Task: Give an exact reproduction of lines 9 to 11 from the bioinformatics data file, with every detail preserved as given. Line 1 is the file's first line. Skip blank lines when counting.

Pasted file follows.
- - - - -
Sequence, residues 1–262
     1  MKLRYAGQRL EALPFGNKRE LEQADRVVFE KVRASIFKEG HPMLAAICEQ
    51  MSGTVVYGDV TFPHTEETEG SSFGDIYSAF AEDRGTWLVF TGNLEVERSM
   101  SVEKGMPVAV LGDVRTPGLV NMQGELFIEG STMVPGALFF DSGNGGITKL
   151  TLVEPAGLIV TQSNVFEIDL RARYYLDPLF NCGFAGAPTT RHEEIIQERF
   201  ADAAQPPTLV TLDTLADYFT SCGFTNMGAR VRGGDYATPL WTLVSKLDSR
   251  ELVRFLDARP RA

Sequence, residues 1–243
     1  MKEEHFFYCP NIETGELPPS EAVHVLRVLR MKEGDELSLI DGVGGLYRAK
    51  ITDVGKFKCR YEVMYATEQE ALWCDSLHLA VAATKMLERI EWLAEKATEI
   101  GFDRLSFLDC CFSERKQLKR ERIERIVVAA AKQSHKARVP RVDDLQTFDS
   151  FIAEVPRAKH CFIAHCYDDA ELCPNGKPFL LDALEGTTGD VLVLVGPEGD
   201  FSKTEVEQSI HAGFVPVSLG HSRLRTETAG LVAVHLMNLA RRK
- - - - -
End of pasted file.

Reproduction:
     1  MKEEHFFYCP NIETGELPPS EAVHVLRVLR MKEGDELSLI DGVGGLYRAK
    51  ITDVGKFKCR YEVMYATEQE ALWCDSLHLA VAATKMLERI EWLAEKATEI
   101  GFDRLSFLDC CFSERKQLKR ERIERIVVAA AKQSHKARVP RVDDLQTFDS